Heartland House Featured in The San Diego Union-Tribune

by Mar 7, 2018Industry News0 comments

Executive Director of Heartland House, Robert Cook, was recently interviewed by the San Diego Union-Tribune in an article regarding methadone as a medication-assisted treatment (MAT) option. Methadone and other MAT options such as buprenorphine or Suboxone have gone through quite the roller coaster of the level of acceptance over the decades as addiction and addiction treatment have continued to shift over time.

Read the excerpt below that features Heartland House, and read the entire article down below.

Shifting attitudes

In San Diego County, a host of recovery programs, including residential facilities, are expected to soon open up for current methadone patients. And for new clients, medication-assisted treatment including methadone will have to be offered as an option to an addict’s recovery plan, according to Alfredo Aguirre, director of the county’s Behavioral Health Services.


“These are clinically complex problems that need complex solutions,” said Dr. Nicole Esposito, assistant clinical director for the county’s Behavioral Health Services. “We need all the tools in the toolbox and can’t ascribe to only one methodology. We have to look at clients individually and see what their needs are.”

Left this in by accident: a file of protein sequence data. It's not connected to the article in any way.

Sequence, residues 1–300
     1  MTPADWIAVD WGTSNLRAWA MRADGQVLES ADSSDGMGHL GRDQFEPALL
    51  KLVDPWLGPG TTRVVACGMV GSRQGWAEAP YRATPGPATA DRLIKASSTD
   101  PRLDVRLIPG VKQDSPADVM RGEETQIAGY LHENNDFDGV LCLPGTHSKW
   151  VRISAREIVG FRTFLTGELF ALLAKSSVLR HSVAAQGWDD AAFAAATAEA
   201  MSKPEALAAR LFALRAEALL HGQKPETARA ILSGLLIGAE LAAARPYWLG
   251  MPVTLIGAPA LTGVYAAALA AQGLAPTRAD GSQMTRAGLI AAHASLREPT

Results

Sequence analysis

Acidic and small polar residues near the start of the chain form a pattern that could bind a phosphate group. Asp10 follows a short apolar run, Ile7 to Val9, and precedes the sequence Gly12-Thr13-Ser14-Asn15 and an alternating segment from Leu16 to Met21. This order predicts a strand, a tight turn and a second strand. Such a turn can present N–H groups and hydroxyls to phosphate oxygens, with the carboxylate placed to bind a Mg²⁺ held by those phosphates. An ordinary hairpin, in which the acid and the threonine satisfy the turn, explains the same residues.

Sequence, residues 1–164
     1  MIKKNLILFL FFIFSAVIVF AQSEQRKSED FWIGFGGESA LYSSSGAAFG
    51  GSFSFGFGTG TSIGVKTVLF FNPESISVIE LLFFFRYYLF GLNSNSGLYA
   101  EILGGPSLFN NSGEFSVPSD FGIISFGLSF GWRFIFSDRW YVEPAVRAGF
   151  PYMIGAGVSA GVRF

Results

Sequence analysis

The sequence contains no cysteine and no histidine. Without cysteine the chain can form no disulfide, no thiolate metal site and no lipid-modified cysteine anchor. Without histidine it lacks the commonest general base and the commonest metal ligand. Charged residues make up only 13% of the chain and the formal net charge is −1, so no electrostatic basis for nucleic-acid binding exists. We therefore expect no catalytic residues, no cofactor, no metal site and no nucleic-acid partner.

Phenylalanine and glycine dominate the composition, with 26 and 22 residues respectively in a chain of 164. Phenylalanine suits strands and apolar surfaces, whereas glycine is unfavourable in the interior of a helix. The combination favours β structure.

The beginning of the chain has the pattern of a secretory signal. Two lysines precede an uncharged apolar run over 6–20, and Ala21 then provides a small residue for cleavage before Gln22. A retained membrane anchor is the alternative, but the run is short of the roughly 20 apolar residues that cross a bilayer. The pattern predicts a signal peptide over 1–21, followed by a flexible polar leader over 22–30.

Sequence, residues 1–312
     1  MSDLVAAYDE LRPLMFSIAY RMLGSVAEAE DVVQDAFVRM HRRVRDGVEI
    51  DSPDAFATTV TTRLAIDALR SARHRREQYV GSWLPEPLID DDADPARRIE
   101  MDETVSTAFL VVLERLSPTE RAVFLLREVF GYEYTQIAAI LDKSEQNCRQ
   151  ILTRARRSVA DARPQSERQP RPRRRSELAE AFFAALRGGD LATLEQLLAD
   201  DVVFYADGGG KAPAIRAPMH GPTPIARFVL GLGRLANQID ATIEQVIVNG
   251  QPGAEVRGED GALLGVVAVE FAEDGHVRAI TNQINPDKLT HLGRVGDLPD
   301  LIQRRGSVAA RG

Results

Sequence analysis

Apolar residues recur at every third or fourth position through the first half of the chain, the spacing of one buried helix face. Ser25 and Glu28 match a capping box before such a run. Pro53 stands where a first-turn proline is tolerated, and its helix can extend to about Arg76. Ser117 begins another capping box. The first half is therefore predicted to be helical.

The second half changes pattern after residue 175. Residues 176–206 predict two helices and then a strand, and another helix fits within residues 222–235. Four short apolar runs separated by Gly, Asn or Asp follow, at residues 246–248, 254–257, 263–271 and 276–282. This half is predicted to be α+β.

For now, the change will pertain only to those receiving insurance benefits through Medi-Cal, although many see it as opening the door to wider change.


The final plan for the county’s new treatment system, which includes other advances in managing care, will be presented to the county Board of Supervisors on March 13, with implementation to begin July 1.


It’s a transition that Heartland House, a 28-bed men’s residential facility, started making a few years ago.


“We had to open our vision up to the real history of what we’re doing,” said Robert Cook, executive director of the Redwood Village facility. “We were at one time an abstinence-based program.” The facility just recently hired a medical director, he said.


“This (shift in treatment) gives us an opportunity to help a group of people who traditionally have not been served, and we have to remember that.”


The state is also implementing a grant-funded program — modeled after one in Vermont — that hopes to expand medication-assisted treatment, including methadone, to more than 20,000 opioid addicts across the state. Several treatment providers are participating in San Diego.

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